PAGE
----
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Suppose I have a grid of squared defined like so in a class:

Square (* grid)[];

This, oddly, seems to compile fine. I would think it would error because the compiler doesn't know how big the array is? Anyways, it means it is a pointer to an array. Then to initialize it, I do:

grid(new Square[width * height])

This isn't accepted by the compiler, because the new statement returns a pointer to squares rather than a pointer to an array of squares. It makes sense that it does that. Now, is there a simple way to accomplish what I'm asking, other than just declaring Square ** grid and looping through it and doing separate allocations for each column of the 2D array?

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What's wrong with changing Square (* grid)[]; to Square grid[];? If grid is truly a grid then there's no point to adding the complexity of making it multi-dimensional. –  ildjarn Feb 6 '12 at 21:28
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What's right with that? The array is dynamic; the size of it isn't known at compile time. –  slartibartfast Feb 6 '12 at 21:29
    
It accomplishes exactly what you're asking for, so what isn't right with that? Note that Square grid[]; and Square* grid; are identical... –  ildjarn Feb 6 '12 at 21:30
    
Well they're not identical in class definitions. Only in function arguments and a few other things. –  slartibartfast Feb 6 '12 at 21:32
    
However, I see where you're getting at. I could just make a 1D dynamic array and emulate a 2D one, right? –  slartibartfast Feb 6 '12 at 21:37

2 Answers 2

up vote 3 down vote accepted
Square (* grid)[];

This, oddly, seems to compile fine. I would think it would error because the compiler doesn't know how big the array is?

That's declaring a pointer to an array, not an array; it's fine to declare a pointer to any incomplete type, including an array of unknown size. However, it's quite an unusual thing to do, and not what you want for a dynamic array.

Now, is there a simple way to accomplish what I'm asking?

The easiest dynamic array to use is:

std::vector<Square> grid;

initialised as

grid(width * height)

If you really want to manage the memory yourself, then change your pointer-to-array to a pointer-to-object:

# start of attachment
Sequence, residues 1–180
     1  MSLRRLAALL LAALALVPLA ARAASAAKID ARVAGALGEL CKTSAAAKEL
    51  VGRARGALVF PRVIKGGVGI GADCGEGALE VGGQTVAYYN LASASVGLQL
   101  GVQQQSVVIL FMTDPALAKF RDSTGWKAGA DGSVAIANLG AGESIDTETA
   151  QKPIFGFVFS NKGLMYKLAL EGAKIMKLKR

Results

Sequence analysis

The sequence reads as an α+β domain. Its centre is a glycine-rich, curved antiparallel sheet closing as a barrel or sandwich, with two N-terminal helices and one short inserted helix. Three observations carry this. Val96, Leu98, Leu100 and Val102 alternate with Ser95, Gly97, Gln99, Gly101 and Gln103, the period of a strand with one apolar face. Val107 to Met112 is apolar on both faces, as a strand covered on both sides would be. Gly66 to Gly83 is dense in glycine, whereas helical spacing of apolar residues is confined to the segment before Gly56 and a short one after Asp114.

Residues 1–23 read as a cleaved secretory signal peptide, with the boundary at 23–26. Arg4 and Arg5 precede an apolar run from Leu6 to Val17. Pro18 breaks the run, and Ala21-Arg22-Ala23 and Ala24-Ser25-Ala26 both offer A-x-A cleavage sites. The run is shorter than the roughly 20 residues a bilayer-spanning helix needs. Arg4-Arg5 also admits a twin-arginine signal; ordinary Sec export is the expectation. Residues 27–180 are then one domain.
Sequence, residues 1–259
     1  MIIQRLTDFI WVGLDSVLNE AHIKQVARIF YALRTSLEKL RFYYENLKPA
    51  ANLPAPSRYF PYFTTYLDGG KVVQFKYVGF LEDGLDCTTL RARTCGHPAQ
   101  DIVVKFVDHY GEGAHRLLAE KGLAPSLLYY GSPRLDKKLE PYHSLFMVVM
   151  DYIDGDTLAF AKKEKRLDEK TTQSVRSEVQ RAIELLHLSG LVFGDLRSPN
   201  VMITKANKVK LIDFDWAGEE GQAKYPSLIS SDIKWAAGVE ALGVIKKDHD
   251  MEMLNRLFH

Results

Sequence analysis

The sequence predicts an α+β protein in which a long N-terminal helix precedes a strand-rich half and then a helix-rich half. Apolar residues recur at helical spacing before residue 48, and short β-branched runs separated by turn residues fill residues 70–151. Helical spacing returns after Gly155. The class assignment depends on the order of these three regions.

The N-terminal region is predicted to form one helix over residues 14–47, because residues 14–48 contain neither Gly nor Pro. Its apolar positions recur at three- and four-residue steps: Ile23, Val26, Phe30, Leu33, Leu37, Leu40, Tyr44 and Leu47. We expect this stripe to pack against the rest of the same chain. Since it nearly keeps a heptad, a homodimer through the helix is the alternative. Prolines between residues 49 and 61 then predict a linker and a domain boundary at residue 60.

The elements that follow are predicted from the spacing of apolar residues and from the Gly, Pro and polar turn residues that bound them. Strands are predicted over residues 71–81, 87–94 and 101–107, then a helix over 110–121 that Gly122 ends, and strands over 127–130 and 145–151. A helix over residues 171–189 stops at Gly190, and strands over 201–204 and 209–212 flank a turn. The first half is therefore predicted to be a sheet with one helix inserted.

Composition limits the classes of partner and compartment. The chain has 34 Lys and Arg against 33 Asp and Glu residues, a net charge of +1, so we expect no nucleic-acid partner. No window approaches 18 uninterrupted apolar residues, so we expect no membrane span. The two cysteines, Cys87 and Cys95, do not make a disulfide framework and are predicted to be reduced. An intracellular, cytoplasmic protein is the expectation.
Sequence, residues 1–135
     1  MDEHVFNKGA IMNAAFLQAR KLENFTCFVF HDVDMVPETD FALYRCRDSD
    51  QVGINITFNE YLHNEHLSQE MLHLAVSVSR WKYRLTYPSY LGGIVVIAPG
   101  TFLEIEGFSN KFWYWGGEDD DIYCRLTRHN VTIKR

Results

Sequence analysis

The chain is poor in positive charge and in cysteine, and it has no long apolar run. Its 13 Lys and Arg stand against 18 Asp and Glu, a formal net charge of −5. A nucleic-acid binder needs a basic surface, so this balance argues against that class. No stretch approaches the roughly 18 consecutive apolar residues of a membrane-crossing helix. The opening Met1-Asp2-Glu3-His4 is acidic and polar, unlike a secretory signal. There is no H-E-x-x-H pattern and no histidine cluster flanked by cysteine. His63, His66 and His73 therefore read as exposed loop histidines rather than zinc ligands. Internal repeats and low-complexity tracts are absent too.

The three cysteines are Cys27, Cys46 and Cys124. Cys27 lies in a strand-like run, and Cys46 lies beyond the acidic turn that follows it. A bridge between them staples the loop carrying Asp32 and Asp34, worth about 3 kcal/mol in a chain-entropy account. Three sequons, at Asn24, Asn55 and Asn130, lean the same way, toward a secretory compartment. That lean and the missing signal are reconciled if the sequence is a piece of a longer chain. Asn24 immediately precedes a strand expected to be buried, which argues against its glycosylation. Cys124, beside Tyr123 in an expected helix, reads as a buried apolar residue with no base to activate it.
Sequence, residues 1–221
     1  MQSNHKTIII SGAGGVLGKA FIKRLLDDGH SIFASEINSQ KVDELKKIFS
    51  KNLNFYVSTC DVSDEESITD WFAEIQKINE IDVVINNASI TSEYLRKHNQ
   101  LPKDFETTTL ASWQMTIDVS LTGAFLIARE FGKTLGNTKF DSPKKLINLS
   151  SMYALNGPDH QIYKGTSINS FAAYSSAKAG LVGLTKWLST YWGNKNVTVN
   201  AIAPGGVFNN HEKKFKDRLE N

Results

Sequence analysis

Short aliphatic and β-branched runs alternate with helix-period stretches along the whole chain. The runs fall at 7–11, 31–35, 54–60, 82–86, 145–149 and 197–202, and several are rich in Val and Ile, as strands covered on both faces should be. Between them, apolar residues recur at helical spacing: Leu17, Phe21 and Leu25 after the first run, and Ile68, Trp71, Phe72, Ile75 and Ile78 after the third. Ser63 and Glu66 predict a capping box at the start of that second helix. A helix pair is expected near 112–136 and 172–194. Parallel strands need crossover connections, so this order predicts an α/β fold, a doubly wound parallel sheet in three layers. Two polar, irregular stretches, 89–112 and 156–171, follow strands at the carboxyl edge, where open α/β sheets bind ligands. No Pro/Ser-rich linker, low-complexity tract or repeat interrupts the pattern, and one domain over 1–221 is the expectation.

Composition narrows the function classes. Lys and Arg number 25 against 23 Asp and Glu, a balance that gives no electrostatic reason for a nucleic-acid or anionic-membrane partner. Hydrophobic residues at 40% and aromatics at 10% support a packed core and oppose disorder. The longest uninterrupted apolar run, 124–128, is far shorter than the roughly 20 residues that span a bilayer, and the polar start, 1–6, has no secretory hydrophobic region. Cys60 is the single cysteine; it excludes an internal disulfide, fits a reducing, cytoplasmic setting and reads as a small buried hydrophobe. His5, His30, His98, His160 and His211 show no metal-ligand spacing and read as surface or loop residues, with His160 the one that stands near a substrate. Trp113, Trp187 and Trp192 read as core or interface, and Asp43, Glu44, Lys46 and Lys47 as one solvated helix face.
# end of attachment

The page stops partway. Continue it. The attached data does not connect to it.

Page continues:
Square * grid;

initialised as

grid(new Square[width * height])

A pointer can point to either a single object, or the start of an array; if it does point to an array, then you can use [] on it just like with a non-dynamic array. Make sure you deallocate it (delete [] grid;) once you've finished with it.

If you want a 2-dimensional array, it's often easiest to use a 1-dimensional array, and wrap the necessary arithmetic in an accessor function:

Square & get_square(size_t row, size_t col) {
    return grid[row * width + col];
}
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Thanks, this is what I ended up doing. –  slartibartfast Feb 6 '12 at 21:56

I believe the reason Square (* grid)[]; works is because pointers to incomplete types are allowed, and an array without a size counts as an incomplete type.

The reason that you can't do

Square (* grid)[] = new Square[width * height];

even though it looks like the types match up perfectly is just another manifestation of the bug in the design of C where array types are treated specially. It seems like newing an object of type Square[] should return a pointer to an object of that type. However you're not really newing an array type, but new[]ing the element type Square. The result of new[] is a pointer to the element type, in line with the C convention for arrays.

You can use a cast to 'fix' this to use the 'right' type:

// pretend array types behave rationally
Square (* grid)[] = (Square (*)[]) new Square[width * height];
(*grid)[3] = 10;

// the above is equivalent to the following
Square *grid = new Square[width * height];
grid[3] = 10;  

Or you can just do it the C++ way and use a std::vector

std::vector<Square> grid(width * height);

If you have a fixed size array you can use std::array

std::array<Square,10> *grid = new std::array<Square,10>;

std::array pretty much fixes all the mistakes made in the design of array types. For example std::array can't 'forget' its size, functions can take std::array parameters by value (whereas with raw arrays the array syntax just becomes a synonym for pointers), functions can return std::array whereas they are inexplicably prohibited from returning arrays (The syntax would be int foo()[3];), and with std::array there's no need for a special array allocator new[] which must be matched to an array deallocator delete[] (instead you can say foo = new std::array<int,3> and then 'delete foo;')

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